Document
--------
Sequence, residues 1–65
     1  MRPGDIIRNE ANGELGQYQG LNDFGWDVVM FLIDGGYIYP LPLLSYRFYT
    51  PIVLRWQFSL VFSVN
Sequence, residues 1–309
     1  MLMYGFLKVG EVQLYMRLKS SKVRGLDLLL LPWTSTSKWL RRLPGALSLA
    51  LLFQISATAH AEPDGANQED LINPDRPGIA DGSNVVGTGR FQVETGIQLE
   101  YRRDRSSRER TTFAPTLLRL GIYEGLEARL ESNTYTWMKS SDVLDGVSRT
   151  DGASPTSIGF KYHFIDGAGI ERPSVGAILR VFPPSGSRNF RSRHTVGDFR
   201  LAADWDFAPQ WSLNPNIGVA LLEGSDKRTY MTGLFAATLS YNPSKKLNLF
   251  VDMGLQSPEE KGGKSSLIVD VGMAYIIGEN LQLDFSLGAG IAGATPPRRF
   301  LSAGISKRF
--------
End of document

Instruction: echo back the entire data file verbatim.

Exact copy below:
Sequence, residues 1–65
     1  MRPGDIIRNE ANGELGQYQG LNDFGWDVVM FLIDGGYIYP LPLLSYRFYT
    51  PIVLRWQFSL VFSVN
Sequence, residues 1–309
     1  MLMYGFLKVG EVQLYMRLKS SKVRGLDLLL LPWTSTSKWL RRLPGALSLA
    51  LLFQISATAH AEPDGANQED LINPDRPGIA DGSNVVGTGR FQVETGIQLE
   101  YRRDRSSRER TTFAPTLLRL GIYEGLEARL ESNTYTWMKS SDVLDGVSRT
   151  DGASPTSIGF KYHFIDGAGI ERPSVGAILR VFPPSGSRNF RSRHTVGDFR
   201  LAADWDFAPQ WSLNPNIGVA LLEGSDKRTY MTGLFAATLS YNPSKKLNLF
   251  VDMGLQSPEE KGGKSSLIVD VGMAYIIGEN LQLDFSLGAG IAGATPPRRF
   301  LSAGISKRF